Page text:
Contemplation

18 x 24" Watercolor in Progress

18 x 24″ Watercolor in Progress

No one can get anywhere without contemplation.  Busy people who do not make contemplation part of their business do not do much for all their effort.

Robert Henri seemed the perfect combination of thought and action.  We read about how much of a fireball he was in his studio at 806 Walnut Street in Philadelphia.  Students from the Pennsylvania Academy of Art filled his apartment and hung on his every word as he read to them from Whitman and Emerson, challenging them to find a style all their own.  The Ash Can School emerged from this leader and his band of disciples.  I had always known Henri from history as a man of action.  But now on my second reading of his book The Art Spirit, I am continually shocked by his erudition, his depth and breadth of thought.  Such powerful ideas as his could not have been drawn from a life on the run.

This week’s schedule is horrendous.  It is our last week of high school and the beginning of Paint Historic Waxahachie.  I am teaching school by day and dashing forty minutes south to Waxahachie to create plein air paintings in late afternoons and evenings.  On top of that, I have some studio projects that must be completed as well.  Today during lunch, I chose to go home and work on this 18 x 24″ watercolor of a nineteenth-century historic home in Louisiana.  I spent the first half of the lunch hour working on some of the small details, then decided to sit in a chair with my journal, a good book and a cup of coffee.  Henri’s comments about contemplation affirmed what I have believed for decades.  We need to stop in the midst of the hustle and let our thoughts even out.  I tossed the watercolor into the middle of my living room floor so I could look up at it occasionally from my book.  Andrew Wyeth always put up his works in progress so that he could catch glimpses of them “from the corner of the eye” when leaving or entering a room.  The first time I looked up from my book, I uttered “Wow.”  This painting was much better than I thought.  I had only been looking at it from a very close and tight focal point.  I was unprepared for how it actually looked from across the room.  Now I cannot wait to get to the end of it.  But  . . . I have another high school class to conduct and a trip to Waxhachie for the purpose of making another painting.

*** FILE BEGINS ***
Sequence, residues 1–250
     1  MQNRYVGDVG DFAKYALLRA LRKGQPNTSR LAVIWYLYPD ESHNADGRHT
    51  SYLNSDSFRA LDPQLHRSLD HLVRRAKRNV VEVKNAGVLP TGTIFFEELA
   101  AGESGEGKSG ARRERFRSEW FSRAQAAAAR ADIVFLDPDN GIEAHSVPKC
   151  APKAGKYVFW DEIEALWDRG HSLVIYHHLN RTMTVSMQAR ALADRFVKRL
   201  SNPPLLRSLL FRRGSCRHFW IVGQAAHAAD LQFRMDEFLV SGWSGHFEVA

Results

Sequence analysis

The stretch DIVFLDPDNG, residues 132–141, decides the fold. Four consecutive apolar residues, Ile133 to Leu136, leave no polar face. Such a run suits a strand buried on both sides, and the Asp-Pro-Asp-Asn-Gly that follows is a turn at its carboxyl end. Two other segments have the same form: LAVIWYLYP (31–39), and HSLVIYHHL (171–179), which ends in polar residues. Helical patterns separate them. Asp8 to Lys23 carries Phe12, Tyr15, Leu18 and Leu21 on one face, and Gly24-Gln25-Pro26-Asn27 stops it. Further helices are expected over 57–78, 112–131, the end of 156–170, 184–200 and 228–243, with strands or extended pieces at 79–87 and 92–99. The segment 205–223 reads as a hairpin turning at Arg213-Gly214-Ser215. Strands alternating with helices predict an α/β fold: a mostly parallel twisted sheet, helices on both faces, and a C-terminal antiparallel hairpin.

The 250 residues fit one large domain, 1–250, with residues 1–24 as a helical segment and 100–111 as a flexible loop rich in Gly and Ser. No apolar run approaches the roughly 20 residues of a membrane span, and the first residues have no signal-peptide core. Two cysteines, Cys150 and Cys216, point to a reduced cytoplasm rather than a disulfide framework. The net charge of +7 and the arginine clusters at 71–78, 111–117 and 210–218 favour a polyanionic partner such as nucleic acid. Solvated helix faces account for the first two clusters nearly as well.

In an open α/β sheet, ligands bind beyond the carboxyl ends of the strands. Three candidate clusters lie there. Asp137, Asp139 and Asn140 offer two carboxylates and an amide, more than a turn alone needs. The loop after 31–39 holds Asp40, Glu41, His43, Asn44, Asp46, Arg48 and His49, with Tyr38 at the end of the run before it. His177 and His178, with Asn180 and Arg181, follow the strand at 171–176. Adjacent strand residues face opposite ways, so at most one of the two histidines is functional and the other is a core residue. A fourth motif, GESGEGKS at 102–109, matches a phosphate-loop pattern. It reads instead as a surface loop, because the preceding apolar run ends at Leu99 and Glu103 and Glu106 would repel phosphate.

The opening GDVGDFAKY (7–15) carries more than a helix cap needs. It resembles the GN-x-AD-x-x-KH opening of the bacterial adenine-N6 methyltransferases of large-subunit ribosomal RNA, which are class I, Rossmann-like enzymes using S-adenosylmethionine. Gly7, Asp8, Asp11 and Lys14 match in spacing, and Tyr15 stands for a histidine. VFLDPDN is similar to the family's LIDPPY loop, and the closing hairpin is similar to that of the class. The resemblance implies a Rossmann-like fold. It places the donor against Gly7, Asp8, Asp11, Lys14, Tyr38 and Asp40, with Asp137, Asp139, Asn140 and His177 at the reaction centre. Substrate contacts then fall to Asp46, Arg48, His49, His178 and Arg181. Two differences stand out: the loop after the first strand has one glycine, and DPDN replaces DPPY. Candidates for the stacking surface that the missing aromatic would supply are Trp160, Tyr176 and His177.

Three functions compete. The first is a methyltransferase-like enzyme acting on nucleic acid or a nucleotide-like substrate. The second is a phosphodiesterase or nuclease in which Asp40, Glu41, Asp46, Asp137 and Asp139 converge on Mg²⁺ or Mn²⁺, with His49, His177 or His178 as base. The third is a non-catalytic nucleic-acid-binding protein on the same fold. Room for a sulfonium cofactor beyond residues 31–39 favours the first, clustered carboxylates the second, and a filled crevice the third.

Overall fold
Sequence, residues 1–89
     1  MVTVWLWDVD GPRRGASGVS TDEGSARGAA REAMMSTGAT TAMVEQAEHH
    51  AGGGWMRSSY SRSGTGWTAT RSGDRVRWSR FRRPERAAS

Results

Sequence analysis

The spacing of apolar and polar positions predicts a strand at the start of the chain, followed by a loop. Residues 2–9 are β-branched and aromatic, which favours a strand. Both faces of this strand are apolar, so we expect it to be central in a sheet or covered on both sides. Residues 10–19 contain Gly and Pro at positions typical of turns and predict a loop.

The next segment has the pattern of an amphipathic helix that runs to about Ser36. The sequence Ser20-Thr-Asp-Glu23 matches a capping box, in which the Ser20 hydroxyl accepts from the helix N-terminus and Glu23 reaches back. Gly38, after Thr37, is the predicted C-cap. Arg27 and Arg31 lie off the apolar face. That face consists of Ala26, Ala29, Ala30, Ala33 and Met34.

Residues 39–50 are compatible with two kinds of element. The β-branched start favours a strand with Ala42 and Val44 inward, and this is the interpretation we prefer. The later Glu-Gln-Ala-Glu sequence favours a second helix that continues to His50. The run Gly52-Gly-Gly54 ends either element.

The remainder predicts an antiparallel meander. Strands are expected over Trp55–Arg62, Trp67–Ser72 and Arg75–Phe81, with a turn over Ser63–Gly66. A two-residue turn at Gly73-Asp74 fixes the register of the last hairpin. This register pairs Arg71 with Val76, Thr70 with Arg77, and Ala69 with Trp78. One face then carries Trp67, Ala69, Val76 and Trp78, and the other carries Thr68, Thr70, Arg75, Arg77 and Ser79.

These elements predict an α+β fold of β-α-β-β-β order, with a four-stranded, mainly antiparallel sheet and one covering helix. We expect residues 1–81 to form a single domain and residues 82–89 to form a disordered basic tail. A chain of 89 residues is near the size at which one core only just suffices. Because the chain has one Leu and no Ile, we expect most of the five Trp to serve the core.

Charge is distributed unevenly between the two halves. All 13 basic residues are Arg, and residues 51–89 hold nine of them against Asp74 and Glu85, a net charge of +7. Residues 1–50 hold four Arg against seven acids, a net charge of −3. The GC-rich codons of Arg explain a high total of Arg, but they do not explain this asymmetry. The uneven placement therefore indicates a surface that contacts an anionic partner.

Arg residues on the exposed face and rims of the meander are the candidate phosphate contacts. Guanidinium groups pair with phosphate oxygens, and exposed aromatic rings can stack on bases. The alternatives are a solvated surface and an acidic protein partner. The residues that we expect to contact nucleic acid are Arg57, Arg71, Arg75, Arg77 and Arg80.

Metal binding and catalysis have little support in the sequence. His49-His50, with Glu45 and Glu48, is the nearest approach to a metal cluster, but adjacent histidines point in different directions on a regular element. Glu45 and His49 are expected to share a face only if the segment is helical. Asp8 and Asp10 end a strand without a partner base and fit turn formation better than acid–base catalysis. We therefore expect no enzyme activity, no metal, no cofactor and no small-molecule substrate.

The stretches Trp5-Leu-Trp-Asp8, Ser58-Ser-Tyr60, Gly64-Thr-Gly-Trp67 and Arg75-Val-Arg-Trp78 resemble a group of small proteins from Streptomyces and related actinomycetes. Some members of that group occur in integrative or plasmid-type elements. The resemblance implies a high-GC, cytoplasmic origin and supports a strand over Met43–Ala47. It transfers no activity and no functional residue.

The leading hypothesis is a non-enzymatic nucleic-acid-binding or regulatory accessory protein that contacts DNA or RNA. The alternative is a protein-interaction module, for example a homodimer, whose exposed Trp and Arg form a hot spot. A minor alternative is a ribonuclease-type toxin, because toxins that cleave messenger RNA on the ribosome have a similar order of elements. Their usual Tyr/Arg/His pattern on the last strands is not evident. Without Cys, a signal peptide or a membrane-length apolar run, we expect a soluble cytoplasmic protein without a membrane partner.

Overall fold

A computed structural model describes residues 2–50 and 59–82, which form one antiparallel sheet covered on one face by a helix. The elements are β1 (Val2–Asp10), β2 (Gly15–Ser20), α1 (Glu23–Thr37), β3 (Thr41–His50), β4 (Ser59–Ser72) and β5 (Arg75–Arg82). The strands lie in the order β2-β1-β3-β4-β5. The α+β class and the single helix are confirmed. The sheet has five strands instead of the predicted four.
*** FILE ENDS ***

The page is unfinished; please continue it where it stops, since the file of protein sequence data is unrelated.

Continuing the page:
Thanks for reading.

I paint in order to remember.

I journal when I feel alone.

I blog to remind myself that I am not alone.

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